• Sorry, “year-over-year” or “yoy” is industry short hand for saying that compared to the data from the same month one year ago. I had stated that in the previous sentence, so I mistakenly assumed it would carry into the next. The 55.88% decrease in days on market for that zip code refers to the comparison of September 2012 to September 2011.

      • Thanks for explaining year over year. I did know what that meant but thought it would be an interesting question to take the y-o-y back more than one year. What I didn’t find useful was the change noted in percent (55.88%) because I don’t know how long homes stayed on the market the year before. While a change in 55.88% seems impressive, if homes were on the market for 400 days in 2011 and that changed to 200 days in 2012, an improvement (yes), a great one (maybe not so much).

        • Average Days on market in zip 20010 for September 2011=68 and for September 2012=30 (and current buyers know that it’s not uncommon for properties in this zip to be on market for the weekend and gone the next week).

  • OK, we get it. There is too much demand / not enough supply. Everything sells immediately. So why are we even talking about “good deal or not?” There aren’t any good deals. Everybody knows that. Why are you asking the question?

  • As someone looking to buy a home in this general area, it’s pretty disheartening to see the number of houses bought for sub 300K prices flipped for 400K increases four months later. It’s not like developers are doing quality jobs – many of them tear out any character from the interior of the house and feature the same cheap cabinents and lackluster finishes in every reno.

    • I’m finding that this market is being driven by the consumers. A lot of the listings that I represent are properties that homeowners have lived in and gradually updated over time. Homeowners are generally more likely to address unsexy things like re-pointing (which is expensive). Personally, I’d rather have a well maintained house and do cosmetic updates myself.

      • I wholeheartedly agree with the point about cosmetics – I’d rather have a house with good bones that I can appoint with my own tastes rather than a place redone with the cheapest possible materials.

      • I should also clarify that there are some excellent builders out there that I would buy from or advise (and do) my clients to buy from in a heartbeat.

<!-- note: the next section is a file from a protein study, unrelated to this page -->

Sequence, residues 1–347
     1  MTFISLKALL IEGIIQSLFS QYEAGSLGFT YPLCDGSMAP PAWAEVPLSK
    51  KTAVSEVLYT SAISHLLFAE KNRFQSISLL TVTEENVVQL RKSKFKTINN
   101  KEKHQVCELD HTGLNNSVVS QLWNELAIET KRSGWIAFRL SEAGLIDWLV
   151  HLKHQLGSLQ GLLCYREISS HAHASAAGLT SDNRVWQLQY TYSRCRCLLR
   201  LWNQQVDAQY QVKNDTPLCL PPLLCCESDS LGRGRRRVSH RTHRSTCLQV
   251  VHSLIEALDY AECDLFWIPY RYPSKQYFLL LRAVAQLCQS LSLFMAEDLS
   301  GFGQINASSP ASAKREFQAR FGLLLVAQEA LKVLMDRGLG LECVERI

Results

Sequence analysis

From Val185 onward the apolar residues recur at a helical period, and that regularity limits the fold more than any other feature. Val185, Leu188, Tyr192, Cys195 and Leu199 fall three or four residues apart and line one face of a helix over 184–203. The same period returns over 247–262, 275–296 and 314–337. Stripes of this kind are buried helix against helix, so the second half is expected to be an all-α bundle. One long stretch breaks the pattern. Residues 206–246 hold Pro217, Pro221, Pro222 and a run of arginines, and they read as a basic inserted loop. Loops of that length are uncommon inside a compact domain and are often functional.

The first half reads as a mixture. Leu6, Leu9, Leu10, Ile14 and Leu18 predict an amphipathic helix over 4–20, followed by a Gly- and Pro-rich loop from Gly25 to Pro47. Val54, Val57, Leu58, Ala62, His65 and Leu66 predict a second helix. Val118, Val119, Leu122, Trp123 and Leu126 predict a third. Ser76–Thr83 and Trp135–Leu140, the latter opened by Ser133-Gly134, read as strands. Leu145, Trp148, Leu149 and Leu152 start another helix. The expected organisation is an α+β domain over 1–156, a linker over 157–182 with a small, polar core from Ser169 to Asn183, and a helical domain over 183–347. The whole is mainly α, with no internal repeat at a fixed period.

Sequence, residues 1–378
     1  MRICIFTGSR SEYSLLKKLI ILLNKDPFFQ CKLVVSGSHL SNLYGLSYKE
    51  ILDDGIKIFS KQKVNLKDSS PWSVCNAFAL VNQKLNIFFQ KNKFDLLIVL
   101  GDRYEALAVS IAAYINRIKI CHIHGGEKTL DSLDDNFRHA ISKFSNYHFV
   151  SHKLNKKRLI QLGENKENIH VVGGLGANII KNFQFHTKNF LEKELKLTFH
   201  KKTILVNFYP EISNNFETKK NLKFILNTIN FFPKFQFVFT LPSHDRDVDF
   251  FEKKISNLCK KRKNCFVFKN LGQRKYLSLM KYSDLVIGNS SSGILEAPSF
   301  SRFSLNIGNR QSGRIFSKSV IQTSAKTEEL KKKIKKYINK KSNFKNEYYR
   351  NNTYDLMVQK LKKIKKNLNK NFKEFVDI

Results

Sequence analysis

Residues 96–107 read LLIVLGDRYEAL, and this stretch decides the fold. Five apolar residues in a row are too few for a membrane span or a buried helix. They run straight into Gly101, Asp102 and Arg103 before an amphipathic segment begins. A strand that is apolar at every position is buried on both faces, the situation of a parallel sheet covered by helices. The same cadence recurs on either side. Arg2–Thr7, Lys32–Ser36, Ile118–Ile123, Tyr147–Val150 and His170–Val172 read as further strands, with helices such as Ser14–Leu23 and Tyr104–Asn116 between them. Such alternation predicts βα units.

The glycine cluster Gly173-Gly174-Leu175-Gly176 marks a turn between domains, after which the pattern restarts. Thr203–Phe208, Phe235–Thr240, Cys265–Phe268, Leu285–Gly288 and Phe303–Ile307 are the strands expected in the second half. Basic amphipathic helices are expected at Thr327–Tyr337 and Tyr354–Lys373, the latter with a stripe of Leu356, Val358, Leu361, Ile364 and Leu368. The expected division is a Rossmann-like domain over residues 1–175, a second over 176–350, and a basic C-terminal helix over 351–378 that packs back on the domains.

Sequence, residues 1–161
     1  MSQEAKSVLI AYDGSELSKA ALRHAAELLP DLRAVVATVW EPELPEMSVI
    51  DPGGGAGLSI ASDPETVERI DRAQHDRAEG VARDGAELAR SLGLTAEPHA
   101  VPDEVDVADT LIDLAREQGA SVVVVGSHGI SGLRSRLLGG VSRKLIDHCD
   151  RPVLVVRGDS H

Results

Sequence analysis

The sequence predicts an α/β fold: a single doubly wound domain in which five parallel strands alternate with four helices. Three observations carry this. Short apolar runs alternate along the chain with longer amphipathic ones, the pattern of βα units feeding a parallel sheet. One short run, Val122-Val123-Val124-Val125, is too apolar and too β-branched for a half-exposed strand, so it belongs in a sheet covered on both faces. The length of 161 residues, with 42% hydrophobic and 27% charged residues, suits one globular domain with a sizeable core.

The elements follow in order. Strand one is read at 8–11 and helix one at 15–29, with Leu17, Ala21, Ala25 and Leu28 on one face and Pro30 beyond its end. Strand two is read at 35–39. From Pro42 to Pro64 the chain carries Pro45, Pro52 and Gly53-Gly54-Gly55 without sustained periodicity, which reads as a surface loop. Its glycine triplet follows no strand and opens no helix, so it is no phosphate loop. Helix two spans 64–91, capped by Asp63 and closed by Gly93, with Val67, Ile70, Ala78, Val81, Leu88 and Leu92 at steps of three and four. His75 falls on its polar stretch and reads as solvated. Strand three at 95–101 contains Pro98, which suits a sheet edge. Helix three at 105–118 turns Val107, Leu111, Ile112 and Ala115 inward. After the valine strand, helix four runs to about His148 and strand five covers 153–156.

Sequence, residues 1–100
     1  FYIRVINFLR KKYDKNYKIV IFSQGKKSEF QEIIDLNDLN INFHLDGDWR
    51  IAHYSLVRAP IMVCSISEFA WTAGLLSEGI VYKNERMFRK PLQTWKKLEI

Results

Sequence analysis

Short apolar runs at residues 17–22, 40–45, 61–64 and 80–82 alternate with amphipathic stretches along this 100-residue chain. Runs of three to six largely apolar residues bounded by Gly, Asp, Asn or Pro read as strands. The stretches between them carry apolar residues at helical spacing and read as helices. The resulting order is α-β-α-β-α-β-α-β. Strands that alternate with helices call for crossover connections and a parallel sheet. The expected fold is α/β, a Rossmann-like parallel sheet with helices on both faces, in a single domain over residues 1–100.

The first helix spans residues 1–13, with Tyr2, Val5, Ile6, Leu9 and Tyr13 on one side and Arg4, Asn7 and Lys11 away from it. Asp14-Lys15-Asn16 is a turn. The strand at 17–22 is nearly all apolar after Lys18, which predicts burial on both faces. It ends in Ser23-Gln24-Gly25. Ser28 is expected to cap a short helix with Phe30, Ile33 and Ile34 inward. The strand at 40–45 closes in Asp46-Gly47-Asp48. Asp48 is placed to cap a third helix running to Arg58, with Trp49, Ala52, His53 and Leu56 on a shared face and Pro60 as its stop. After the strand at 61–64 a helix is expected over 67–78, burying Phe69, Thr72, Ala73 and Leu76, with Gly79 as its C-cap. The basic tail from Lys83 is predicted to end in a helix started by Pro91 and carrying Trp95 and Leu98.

• why not buy one of the cheap fixer-uppers yourself then?

      • That’s the idea – it’s hard to compete with cash offers.

      • Because some people don’t have the skills, cash, time, expertise or patience to do the renos; that’s why so many people like to buy finished homes.

      • exactly. people complain about developers “flipping,” but of course they just like to complain in the abstract.

      • jim_ed

        Tried this. Offered 320k financed for a short sale. Bank refused, ended up taking 265k cash 3 months later.

        I know banks want their money right away, but that just seemed insane to us. That house is currently being flipped.

  • I find this “ra ra, see I told you so” attitude of a realtor unprofessional, especially considering the outsized commissions for a position that assumes zero legal culpability and whose entry level qualification stems from a few hours of night seminars and an online course.

    Go be a realtor in Detroit, the inland empire or any town in rural America where you have to do more than spend 30 minutes putting an ad together for MLS and spending two hours at an open house for your $17,000 dollar commission (the one for this house). I was raised in a rural town in Vermont where even today the most expensive house in town would only sell for 300K, and it would take 8 months to do so. I would be surprised if the average listing agent in the District the past year or so spends more than 7 or 8 hours total between the first meeting with that client to the last hour at the settlement table, which brings me to my primary point…

    It doesn’t take any skill to be a realtor in a housing boom.

    And to your point, many homes in this section of town have sold for less than asking. A 4 minute perusal of Redfin shows us the below homes all sold for under asking in the past 5 months.

    1331 Kenyon: –10%
    749 Princeton: –7%
    3530 New Hampshire: – 5%
    1114 Lamont: –8%
    469 Luray Pl: – 7%
    609 Kenyon: – 4

    Having seen 3 or 4 boom periods here in the District since I’ve lived here, I can tell you, this one too will end, and it will be painful for the folks who paid these prices. Everyone says “it will be different this time”, and it never is. There is no new paradigm with housing. It booms and it busts. The trick is not being caught when it goes, or being ok with riding out the 2-4 year fall in prices, and 3-5 years of price stagnation afterward.

    You don’t have to drive more than 30 minutes west to see places like FFX and Loudoun County (which go back and forth every year as the richest counties in America) to see the devastating effects when the boom ends. Median prices of homes in Loudoun fell what, 25% from 2007 to 2010, and this was the richest county in America.